John Brandolino, Director of the UNODC’s Division for Treaty Affairs, emphasized that “both the CPPNM Amendment and ICSANT are among the international legal frameworks against terrorism that UNODC is mandated by the UN General Assembly to promote. For the past two decades, we have devoted increasing efforts and assisted Member States worldwide with becoming party to, and effectively implementing, these two key instruments.” He added that “while delivering its Canada and EU-funded programming on the international legal framework for nuclear security, UNODC will continue to cooperate with the IAEA and other partners within the UN system and beyond.”

Representatives of Lao People's Democratic Republic, Paraguay and Zimbabwe shared their national perspectives on the importance and benefits of joining the CPPNM and its Amendment and ICSANT, as well as their experiences with adherence to and implementation of these key international legal instruments.

Moukdavanh Sisoulith, Deputy Director General, Department of International Organizations, Lao PDR Ministry of Foreign Affairs, described her country’s perspective. “We firmly believe that a robust international legal framework serves as the cornerstone of an effective nuclear security regime. Our journey to adhere to the A/CPPNM included significant milestones, such as the development of a national nuclear security framework tailored to our needs, requiring a review and amendment of our policies to meet international standards,” she said, adding that Lao PDR “made a significant step in turning commitment into action, thereby demonstrating dedication to enhancing the national nuclear security architecture under A/CPPNM."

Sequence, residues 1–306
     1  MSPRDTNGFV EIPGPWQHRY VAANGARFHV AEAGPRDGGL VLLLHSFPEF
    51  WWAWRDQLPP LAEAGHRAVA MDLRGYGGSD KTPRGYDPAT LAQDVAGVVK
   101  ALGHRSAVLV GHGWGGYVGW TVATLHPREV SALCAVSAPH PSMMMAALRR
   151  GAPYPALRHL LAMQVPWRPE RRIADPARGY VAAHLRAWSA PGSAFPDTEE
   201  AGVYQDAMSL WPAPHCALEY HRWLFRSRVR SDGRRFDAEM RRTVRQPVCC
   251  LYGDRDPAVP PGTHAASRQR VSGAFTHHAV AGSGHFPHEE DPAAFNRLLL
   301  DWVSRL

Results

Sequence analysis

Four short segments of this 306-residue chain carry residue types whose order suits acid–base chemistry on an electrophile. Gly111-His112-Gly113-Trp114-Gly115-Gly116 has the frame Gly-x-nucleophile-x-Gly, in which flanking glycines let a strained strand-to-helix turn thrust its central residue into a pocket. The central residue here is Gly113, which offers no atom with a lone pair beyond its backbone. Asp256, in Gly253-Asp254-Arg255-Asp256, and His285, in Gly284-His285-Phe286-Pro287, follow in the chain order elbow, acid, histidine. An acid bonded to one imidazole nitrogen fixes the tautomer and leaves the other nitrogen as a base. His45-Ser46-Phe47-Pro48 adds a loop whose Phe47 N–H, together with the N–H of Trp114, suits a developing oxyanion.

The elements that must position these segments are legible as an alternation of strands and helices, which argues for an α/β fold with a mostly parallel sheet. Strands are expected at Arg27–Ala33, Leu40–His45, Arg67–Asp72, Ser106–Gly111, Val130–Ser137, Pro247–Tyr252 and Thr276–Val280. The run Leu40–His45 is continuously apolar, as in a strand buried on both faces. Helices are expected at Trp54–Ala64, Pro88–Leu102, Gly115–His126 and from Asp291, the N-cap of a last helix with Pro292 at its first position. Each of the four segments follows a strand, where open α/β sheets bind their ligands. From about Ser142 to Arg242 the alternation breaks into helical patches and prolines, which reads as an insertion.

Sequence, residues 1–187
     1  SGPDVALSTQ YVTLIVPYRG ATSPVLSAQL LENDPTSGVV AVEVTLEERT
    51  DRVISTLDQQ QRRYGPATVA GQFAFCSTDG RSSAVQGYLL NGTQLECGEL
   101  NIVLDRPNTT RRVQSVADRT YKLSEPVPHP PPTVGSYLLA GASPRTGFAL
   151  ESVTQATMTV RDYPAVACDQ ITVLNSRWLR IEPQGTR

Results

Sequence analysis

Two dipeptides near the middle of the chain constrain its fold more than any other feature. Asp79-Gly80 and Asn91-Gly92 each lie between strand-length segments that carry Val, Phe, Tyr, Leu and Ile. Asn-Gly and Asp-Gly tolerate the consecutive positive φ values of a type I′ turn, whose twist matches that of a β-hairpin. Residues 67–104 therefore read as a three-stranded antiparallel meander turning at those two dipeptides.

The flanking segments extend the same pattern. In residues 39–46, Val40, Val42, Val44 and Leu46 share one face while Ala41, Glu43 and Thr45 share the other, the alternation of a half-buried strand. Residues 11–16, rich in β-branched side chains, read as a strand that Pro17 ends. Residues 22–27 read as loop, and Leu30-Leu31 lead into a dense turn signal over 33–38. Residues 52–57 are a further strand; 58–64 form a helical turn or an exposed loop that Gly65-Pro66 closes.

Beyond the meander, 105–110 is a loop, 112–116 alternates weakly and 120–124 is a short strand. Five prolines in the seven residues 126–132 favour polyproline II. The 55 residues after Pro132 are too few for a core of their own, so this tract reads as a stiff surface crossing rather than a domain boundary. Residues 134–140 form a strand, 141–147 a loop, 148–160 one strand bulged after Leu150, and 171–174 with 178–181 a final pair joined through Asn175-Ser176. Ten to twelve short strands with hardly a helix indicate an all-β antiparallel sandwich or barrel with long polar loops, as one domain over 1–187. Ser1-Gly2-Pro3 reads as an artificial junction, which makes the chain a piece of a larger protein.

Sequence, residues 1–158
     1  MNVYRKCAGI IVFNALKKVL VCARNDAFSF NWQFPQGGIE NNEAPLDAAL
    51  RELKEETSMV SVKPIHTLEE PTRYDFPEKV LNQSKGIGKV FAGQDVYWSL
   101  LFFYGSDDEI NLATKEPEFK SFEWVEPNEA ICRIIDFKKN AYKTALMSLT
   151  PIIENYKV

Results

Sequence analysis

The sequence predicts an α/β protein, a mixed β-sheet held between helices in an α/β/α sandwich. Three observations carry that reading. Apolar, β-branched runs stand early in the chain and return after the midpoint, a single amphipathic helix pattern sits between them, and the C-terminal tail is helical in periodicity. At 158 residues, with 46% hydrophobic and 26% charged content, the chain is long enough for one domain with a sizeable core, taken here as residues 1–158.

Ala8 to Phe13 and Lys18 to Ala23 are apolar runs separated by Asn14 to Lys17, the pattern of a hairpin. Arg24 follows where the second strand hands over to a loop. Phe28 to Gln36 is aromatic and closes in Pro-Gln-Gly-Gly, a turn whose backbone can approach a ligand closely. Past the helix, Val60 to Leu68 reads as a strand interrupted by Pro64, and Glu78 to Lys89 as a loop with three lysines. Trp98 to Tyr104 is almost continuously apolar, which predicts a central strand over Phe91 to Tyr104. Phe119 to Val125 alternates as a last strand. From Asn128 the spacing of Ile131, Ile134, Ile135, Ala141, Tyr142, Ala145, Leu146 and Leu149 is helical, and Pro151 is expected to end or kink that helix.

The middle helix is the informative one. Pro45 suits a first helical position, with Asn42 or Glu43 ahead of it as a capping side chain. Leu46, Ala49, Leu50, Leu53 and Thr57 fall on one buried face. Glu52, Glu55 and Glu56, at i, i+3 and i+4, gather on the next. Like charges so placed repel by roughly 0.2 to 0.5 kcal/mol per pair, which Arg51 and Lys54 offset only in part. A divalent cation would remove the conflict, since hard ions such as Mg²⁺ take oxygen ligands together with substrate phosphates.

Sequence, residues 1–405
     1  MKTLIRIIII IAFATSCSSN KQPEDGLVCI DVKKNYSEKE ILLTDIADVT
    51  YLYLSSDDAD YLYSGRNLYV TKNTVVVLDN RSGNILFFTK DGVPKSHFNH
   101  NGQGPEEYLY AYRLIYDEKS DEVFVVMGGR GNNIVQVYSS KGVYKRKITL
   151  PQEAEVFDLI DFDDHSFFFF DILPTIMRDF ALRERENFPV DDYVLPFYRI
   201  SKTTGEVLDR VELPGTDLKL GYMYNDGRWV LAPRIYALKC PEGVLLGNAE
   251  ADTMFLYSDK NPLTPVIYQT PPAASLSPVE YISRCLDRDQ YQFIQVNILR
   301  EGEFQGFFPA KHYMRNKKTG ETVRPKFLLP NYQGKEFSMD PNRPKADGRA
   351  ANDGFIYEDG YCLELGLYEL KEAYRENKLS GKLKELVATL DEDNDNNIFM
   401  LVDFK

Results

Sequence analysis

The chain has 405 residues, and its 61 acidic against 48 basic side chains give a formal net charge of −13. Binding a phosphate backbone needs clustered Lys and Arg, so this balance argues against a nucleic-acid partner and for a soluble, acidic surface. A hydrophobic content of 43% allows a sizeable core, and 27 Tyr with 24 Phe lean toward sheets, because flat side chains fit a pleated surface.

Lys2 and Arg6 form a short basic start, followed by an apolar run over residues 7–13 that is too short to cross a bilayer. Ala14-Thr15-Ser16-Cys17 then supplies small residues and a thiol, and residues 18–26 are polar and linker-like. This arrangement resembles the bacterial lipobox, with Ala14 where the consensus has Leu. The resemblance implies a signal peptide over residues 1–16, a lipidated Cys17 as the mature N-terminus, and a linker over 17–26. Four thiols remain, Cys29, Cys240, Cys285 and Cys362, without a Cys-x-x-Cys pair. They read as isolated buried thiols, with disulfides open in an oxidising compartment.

Paraguay’s Ambassador Juan Francisco Facetti emphasized the importance of the A/CPPNM and ICSANT and their synergies. “The A/CPPNM enhances the security of nuclear material, reducing the risk of it falling into the wrong hands. ICSANT ensures that those who attempt to use such material for malicious purposes are prosecuted and held accountable. Their synergy creates a robust framework that addresses the full spectrum of challenges, from physical protection to legal prosecution” he said, adding that “in a world where the movement of people, goods, and information knows no borders, the threat of nuclear terrorism transcends national boundaries. Understanding this means we must embrace the spirit of cooperation and shared responsibility embedded within these conventions.”

Justice Chipuru, Chief Executive Officer in the Radiation Protection Authority of Zimbabwe, said, “The impetus on the part of Zimbabwe was our continued commitment to the achievement of and maintenance of worldwide effective physical protection of nuclear material and nuclear facilities for peaceful purposes. This enabled us to overcome the challenges faced with ratification of instruments that are of a nuclear security nature as they take long to conclude through engaging with decision makers and key institutions.”

During the event, the IAEA and the UNODC also gave presentations highlighting the programmes they have made available to support and assist countries in adhering to and implementing the two Conventions.